PESHAWAR: With Eid al-Adha approaching on August 12, prices of sacrificial animals in Pakistan’s northwestern province of Khyber Pakhtunkhwa (KP) have soared, with sellers blaming a sharp fall in supply from Afghanistan soon after Pakistan banned the import of small animals from the country.
Pakistan is taking measures to check cattle trafficking to Afghanistan from its northwestern tribal areas ahead of Eid-al-Adha following an order by the Peshawar High Court (PHC) to end the menace which has seen a sharp surge in the prices of animals in local markets in previous years.
For the Muslim majority country of 208 million people, there is a booming pre-holiday trade in goats, cows, and sheep. In Pakistan alone, more than 10 million animals, worth over $3 billion, are slaughtered during the two days of Eid ul-Adha, according to the Pakistan Tanners’ Association.
But for a huge number of poor communities in KP, purchasing a goat or sheep will be an unaffordable luxury this year.
“Last Eid, I bought an average goat at the rate of Rs. 25,000 ($156) but the same is being sold at the cattle market this year at Rs. 35,000 ($218), which is unaffordable for me,” Naeem Jan, a roadside stall vendor in Peshawar, told Arab News.
Zarqeeb Shinwari, President Pakistani Traders Association at the Pak-Afghan Torkham border, told Arab News that after the PHC ban, Afghanistan seemed to have declared an unofficial tit-for-tat bar on its own trade of small animals to Pakistan, such as sheep and goats, resulting in an unprecedented hike in their prices.
“We demand both the governments to lift the ban on the export and import of animals because livestock is not something coming under trade items,” Shinwari said.
He added that things had not been smooth sailing for traders at the Pak-Afghan Torkham border before the restriction either, as officials from different departments created problems for businessmen, demanding documents like quarantine licenses for the import of cattle which most usually didn’t have.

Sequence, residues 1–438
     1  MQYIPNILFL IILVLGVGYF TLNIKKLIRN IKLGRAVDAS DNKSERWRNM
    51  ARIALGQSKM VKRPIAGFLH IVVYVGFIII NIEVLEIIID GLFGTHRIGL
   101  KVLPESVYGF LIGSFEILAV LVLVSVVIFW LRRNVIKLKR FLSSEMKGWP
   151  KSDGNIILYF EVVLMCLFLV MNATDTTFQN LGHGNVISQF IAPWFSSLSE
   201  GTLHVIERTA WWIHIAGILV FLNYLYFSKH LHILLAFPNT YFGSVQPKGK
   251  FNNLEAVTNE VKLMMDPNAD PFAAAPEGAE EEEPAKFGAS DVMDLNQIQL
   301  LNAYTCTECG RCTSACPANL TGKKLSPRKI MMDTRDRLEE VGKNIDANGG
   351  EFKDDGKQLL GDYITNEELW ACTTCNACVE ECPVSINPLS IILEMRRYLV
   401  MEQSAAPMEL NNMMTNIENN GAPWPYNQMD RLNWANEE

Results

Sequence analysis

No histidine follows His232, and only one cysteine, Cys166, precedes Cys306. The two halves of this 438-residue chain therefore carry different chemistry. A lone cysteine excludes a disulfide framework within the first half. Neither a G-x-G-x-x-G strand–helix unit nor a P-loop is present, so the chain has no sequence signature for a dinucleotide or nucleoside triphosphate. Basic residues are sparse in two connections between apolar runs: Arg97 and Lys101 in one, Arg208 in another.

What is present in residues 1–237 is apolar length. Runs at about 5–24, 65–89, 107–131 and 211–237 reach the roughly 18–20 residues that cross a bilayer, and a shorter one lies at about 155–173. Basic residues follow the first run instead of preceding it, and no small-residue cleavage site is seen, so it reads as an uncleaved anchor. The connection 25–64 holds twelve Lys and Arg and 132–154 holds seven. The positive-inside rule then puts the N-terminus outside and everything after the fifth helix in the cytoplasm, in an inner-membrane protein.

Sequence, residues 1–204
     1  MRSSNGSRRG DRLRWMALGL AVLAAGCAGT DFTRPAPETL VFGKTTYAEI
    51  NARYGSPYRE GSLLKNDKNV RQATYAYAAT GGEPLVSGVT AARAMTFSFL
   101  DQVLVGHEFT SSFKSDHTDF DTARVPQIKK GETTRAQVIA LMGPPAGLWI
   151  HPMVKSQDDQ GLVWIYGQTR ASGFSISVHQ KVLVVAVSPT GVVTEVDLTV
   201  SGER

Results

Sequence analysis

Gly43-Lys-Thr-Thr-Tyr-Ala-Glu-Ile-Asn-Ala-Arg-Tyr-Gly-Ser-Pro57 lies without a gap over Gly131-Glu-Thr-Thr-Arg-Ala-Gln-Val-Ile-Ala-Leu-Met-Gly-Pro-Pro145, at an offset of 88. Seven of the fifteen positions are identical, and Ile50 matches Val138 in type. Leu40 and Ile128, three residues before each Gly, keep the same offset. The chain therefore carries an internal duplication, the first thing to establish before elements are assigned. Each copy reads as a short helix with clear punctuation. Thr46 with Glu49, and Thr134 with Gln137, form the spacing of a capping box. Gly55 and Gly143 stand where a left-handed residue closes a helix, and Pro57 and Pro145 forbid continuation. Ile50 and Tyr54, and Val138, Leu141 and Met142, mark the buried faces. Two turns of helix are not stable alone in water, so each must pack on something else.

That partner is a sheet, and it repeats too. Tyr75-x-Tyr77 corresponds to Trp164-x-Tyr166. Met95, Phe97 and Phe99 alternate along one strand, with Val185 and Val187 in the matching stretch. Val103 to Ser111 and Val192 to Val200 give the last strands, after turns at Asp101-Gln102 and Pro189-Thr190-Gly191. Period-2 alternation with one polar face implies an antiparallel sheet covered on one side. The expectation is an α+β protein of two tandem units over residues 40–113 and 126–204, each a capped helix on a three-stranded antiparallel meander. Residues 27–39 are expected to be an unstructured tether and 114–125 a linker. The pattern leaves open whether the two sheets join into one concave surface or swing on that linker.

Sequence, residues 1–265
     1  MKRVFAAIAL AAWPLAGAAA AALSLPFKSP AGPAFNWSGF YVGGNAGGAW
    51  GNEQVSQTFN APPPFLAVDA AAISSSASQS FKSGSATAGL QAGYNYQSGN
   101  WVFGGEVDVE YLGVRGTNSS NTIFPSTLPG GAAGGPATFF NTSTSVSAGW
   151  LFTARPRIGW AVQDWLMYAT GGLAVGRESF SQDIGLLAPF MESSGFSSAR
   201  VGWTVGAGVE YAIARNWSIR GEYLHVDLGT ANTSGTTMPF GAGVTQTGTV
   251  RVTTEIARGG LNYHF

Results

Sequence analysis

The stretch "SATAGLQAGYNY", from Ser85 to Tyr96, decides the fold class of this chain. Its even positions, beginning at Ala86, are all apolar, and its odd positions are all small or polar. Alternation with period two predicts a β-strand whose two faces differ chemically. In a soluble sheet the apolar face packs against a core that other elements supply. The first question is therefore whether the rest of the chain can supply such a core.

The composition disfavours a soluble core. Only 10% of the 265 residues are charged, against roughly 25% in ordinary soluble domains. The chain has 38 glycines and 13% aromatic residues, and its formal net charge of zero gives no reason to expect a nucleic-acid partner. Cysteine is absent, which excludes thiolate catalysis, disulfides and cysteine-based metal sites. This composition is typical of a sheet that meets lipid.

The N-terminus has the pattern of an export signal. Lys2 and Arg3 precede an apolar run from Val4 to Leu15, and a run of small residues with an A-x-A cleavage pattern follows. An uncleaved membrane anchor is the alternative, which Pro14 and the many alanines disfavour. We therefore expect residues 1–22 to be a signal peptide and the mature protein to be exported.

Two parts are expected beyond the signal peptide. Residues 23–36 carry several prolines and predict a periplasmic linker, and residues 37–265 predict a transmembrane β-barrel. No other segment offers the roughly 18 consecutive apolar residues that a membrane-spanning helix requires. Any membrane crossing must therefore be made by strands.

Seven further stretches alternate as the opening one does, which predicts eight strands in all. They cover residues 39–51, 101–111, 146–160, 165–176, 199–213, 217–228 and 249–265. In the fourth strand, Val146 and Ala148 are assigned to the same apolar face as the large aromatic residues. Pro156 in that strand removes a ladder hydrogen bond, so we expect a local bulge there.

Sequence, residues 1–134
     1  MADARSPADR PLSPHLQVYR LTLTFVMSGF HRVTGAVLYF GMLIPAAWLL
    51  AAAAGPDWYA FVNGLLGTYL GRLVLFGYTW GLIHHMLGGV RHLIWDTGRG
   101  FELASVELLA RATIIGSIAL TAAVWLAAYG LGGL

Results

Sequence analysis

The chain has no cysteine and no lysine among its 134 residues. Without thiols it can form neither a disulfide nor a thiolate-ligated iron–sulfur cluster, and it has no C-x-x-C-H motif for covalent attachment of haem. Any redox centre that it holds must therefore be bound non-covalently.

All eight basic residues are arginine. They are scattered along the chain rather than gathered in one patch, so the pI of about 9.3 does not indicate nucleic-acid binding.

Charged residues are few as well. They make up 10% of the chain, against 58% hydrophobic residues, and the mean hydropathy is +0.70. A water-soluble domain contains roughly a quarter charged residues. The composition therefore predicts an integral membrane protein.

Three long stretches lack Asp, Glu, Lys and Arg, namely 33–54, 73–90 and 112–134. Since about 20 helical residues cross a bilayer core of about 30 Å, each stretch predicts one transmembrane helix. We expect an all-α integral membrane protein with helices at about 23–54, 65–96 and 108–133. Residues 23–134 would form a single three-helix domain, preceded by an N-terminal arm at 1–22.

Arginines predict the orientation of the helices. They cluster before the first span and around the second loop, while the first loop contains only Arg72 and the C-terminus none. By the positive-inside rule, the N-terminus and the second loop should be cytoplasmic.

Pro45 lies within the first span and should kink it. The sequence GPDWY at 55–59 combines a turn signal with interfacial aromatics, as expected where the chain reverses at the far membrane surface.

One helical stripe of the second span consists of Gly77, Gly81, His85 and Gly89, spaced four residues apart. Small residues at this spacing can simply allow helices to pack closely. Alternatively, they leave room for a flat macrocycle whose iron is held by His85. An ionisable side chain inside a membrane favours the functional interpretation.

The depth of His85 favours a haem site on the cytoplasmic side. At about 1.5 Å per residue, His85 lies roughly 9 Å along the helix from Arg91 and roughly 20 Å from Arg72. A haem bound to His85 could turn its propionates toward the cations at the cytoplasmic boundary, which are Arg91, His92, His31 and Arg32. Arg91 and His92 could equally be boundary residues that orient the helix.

But Muhammad Imran, assistant commissioner Khyber tribal district, told Arab News that local administration was holding price review meetings every month to ensure hoarders didn’t create problems for common people.
“We don’t have any complaints regarding a hike in animals prices but we will chalk out a strategy to deal with the issue effectively if we do receive any complaint,” he said.
According to ballpark prices in the cattle market, the price of a bull weighing 150 kg ranges between Rs. 120,000 ($750) to 140,000 ($876), a goat weighing 20 kg costs up to Rs. 25,000 ($156), a sheep weighing 25 kg costs between Rs. 25,000 to Rs. 30,000 ($188) and the average price of a camel weighing 200 kg is roughly around Rs. 200,000 ($1,250).
On the Afghanistan side, traders say prices have remained unchanged.
Kiftan Bacha, an Afghan trader at the Torkham border, said prices of sacrificial animals had not changed because small cattle was not being exported to Pakistan and there was no deficiency of bulls and buffaloes inside Afghanistan. He agreed, however, that an unannounced ban from the Afghan side was in effect.
“Though there is no official ban on the export of small livestock to Pakistan, I think Afghan traders have imposed an unstructured ban as a tit-for-tat to Pakistan’s move banning the export of animals to our country,” Bacha said.
Arafat Khan, a Pakistani custom clearance agent who works along the Torkham border, told Arab News last month that even though illegal trafficking through known points such as Torkham, Ghulam Khan in North Waziristan and Angoor Adda in South Waziristan tribal districts had reduced significantly, hundreds of buffaloes and cows were still being smuggled to the neighboring country through unknown routes.
Kamran Ali, a local in Peshawar City, said that prices of bulls, sheep and goats have surged by up to Rs. 15,000 ($93) as compared to last year.
“Prices of livestock experienced a surge because of unchecked smuggling of cattle to neighboring Afghanistan on unfrequented routes,” Ali said.
Azhar Shinwari, another custom clearing agent at the Torkham border told Arab News the poor were being badly affected by the trading restrictions across the border.
“If the situation remains unchanged such as export of livestock not allowed from Afghanistan, I fear many of our people will not be able to perform the tradition this Eid,” he said. “Many people have told me, this year they will buy meat from a butcher shop instead.”
Eid ul-Adha commemorates the Qur’anic story of the Prophet Ibrahim’s willingness to sacrifice his son as an act of obedience to Allah before Allah replaced the son with a ram to be sacrificed instead.